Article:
A few weeks back we wrote about the emergence of BitCoin, a new digital currency that can theoretically provide an alternative to greedy, criminal banking institutions. WikiLeaks is now accepting donations in BitCoins.
While this is a rather interesting development, it should be noted that in an interview lead developer Gavin Andresen gave with Jason Calacanis on “This Week in Start-Ups,” Andresen admitted he’d been approached by the CIA’s investment arm In-Q-Tel.
With WikiLeaks now using Bitcoin, does there now exist a thread between the CIA and WikiLeaks? In-Q-Tel’s curiosity about Bitcoin does not necessarily indicate a financial interest in the firm, however. (One can imagine the CIA learning from Bitcoin how to set up its own currency system to pay its covert operatives or to fund subversives without a paper trail leading to the US government.)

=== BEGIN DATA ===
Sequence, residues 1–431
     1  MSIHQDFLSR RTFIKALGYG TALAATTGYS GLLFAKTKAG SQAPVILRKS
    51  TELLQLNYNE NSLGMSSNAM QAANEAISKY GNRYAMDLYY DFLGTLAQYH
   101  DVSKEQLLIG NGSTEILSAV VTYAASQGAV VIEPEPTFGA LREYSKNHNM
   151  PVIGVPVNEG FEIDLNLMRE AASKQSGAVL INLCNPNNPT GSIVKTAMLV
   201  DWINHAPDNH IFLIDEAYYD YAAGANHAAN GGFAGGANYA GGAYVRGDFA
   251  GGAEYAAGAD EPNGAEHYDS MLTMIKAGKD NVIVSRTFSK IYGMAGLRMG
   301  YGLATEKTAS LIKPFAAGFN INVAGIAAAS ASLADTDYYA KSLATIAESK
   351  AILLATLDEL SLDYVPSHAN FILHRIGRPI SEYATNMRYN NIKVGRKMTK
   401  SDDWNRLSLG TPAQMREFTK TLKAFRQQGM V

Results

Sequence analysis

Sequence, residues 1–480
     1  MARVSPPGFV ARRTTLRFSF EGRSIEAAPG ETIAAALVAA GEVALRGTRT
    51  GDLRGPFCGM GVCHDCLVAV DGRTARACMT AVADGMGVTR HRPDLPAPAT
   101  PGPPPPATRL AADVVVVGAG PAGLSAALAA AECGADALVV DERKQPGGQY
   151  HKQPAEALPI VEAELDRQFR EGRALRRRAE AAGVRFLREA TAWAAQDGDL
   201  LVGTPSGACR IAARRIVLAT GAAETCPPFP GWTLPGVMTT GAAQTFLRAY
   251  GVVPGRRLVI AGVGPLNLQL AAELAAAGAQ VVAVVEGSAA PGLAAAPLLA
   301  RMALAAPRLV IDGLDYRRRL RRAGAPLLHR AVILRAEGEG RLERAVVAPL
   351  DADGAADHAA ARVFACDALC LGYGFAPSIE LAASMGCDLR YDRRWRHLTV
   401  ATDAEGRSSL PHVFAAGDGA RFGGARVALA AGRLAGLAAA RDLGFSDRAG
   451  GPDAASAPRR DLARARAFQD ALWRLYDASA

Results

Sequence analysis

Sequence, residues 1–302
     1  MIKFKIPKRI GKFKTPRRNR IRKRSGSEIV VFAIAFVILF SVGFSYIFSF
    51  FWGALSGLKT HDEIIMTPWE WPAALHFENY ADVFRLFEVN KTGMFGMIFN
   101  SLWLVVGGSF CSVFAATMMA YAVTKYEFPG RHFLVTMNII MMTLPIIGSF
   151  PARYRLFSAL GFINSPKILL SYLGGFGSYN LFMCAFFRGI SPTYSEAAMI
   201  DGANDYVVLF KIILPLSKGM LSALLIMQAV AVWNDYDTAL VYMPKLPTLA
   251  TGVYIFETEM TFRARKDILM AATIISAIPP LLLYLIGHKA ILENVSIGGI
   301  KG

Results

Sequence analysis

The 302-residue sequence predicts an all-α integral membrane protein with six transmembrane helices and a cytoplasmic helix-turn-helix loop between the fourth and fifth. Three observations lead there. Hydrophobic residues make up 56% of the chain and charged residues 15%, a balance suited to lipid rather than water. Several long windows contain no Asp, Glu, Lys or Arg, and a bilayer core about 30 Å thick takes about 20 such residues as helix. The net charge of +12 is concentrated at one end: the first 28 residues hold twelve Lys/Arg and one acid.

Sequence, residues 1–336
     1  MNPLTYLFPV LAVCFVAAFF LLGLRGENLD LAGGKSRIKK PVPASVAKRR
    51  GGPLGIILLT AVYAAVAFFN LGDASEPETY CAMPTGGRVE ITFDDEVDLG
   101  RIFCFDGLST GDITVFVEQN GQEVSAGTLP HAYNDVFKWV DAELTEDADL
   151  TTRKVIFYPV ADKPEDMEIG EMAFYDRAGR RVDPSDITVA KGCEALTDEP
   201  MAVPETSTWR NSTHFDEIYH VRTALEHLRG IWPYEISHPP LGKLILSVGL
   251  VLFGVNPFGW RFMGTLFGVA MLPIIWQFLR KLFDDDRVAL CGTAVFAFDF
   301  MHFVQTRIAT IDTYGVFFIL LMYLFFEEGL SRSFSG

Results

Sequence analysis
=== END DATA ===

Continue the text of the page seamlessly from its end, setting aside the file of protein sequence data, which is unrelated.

The benefits of accepting BitCoin donations for WikiLeaks are obvious: it allows them, to a degree, to bypass the usual digital financial transactions that they’ve been denied via Visa, Mastercard, etc. It also allows donors to contribute to WikiLeaks anonymously—or that is the theory with BitCoin, anyway.
BitCoin’s creators might believe that its transactions are untraceable and truly anonymous, but there is always the possibility of a digital paper trail.
That said, would WikiLeaks throw its chips in with BitCoin if it were unsure of the digital currency’s innate anonymity? If it’s truly anonymous, hopefully the donations pour into WikiLeak’s coffers.